This head-on photograph of NASA's space shuttle Columbia was taken during post-landing servicing on Rogers dry lake bed at Edwards Air Force Base in southern California. The STS-1 mission ended earlier today, two and one third days later and thousands of miles removed from Sunday's Florida launch setting. Astronauts John W. Young, commander, and Robert L. Crippen, pilot, were Columbia's first crew.
(Editor's note: This story was originally published on January 8, 2003.)
CAPE CANAVERAL, Fla. — The first Israeli astronaut makes this month's shuttle mission a high-profile target, NASA's security chief says, but security hasn't increased tremendously for the Jan. 16 launch.
"We adjust our security posture for every launch," David Saleeba, a former Secret Service agent, said Tuesday.
The latest delay for Columbia , which was supposed to launch in July, gave NASA more time to prepare for possible terrorist threats, but Saleeba said all launches have been under tighter security since the attacks of Sept. 11, 2001.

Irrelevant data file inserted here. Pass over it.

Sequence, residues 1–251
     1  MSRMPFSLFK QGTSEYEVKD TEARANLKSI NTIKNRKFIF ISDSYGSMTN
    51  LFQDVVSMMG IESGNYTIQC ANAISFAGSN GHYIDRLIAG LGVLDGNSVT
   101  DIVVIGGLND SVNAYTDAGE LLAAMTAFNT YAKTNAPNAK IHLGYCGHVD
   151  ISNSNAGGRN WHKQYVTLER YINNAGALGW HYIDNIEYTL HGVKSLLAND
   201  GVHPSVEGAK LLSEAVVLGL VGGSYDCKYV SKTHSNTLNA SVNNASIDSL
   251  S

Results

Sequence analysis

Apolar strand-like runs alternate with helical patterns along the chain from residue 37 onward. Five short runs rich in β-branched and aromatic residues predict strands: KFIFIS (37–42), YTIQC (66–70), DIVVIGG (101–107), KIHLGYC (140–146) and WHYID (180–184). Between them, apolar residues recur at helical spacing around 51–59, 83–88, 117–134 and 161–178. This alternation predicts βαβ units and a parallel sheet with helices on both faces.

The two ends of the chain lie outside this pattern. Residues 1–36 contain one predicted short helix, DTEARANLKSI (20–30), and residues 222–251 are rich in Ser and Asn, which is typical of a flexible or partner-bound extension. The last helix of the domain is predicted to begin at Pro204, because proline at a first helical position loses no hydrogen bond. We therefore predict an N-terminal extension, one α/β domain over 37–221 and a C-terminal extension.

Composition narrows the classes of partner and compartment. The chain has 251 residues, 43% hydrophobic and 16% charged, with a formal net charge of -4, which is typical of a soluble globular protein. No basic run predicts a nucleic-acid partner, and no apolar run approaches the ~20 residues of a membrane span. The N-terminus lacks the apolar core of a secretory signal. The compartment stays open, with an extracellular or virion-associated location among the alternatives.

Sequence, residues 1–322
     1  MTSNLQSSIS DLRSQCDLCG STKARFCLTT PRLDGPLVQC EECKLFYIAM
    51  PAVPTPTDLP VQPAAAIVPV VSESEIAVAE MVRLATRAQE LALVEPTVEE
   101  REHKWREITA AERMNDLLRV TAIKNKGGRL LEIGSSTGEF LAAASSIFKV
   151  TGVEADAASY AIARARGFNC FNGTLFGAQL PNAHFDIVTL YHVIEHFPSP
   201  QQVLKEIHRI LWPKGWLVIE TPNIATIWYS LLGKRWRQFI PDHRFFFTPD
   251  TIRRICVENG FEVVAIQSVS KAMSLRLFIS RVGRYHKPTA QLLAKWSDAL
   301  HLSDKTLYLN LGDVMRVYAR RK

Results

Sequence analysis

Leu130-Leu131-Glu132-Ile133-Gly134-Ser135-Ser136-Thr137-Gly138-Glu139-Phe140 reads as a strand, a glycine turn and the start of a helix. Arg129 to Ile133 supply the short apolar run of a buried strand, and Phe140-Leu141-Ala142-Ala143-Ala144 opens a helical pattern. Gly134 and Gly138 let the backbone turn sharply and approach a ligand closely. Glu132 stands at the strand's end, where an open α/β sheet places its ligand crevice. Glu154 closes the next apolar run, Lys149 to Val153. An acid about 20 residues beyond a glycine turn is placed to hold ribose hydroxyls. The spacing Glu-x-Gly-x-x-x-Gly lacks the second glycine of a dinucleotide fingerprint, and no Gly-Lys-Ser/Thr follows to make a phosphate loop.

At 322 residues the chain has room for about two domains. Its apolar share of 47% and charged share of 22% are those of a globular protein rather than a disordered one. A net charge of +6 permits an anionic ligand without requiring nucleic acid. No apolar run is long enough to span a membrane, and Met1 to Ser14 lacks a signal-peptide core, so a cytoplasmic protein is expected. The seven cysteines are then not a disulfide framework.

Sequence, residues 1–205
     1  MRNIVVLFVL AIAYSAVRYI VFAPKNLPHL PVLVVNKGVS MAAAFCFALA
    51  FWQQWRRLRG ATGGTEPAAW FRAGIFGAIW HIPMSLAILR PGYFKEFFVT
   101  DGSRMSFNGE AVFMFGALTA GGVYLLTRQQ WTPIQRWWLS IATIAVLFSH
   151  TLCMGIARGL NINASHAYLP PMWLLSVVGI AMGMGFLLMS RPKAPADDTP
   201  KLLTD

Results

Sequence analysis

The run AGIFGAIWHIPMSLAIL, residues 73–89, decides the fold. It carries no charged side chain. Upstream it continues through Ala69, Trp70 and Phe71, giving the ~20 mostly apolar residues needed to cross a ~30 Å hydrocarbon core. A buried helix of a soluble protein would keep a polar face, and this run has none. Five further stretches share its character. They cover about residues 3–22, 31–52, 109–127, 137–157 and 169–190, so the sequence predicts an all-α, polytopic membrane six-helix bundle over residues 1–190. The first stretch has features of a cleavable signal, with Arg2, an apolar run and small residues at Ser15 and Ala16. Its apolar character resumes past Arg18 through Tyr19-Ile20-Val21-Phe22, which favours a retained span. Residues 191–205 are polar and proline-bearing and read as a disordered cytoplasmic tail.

"The additional time has helped us, but it hasn't been critical," Saleeba said.
"There have been adjustments upward since 9/11, things that will stay in place for the foreseeable future," he said. "We've also ratcheted some things up. We've also backed off in some areas of security in the last few launches."
He wouldn't reveal how many security forces were on the job, though he said NASA was working with a variety of Homeland Security agencies to ensure the safety of the shuttle.
No specific threats to this scientific mission have been received, he said. The seven-member crew includes Ilan Ramon, the first Israeli astronaut.
"We always have concerns about these missions because, again, the shuttle is a fairly prominent symbol of American technology," Saleeba said.
Of Ramon, he said: "Obviously that's going to offer a higher profile for this particular launch, but right now, we have no direct threats against that individual or against the agency."
NASA is using the resources of other agencies to monitor intelligence for security problems, he said.
NASA also has considered the possibility of an attack not on Kennedy Space Center but in a neighboring community and how that might increase fears enough to stop a launch.
"It's still primarily a local law enforcement issue, but we are, we are and have been for some time, cognizant of that prospect," Saleeba said.
Some security measures have been under review for possible easing in the near future, he said, and more members of the public may be allowed into future launches, too.
The launch will be during a 21/2-hour window sometime between 10 a.m. and 2 p.m. EST on Jan. 16. The target launch time will be announced 24 hours in advance.
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